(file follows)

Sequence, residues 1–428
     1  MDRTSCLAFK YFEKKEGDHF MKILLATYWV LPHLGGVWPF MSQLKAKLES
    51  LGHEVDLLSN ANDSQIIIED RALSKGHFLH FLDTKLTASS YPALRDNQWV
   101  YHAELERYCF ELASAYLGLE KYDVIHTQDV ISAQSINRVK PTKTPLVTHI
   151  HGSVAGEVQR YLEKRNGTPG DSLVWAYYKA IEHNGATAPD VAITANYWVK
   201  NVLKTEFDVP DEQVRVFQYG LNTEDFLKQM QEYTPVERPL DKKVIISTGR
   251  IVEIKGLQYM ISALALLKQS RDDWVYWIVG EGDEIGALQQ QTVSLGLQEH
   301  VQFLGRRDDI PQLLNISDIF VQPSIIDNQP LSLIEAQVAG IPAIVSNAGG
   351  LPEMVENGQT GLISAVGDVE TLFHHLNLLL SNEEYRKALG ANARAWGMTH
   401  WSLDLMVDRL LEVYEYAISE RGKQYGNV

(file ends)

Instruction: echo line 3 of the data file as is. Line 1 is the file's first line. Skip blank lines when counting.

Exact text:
    51  LGHEVDLLSN ANDSQIIIED RALSKGHFLH FLDTKLTASS YPALRDNQWV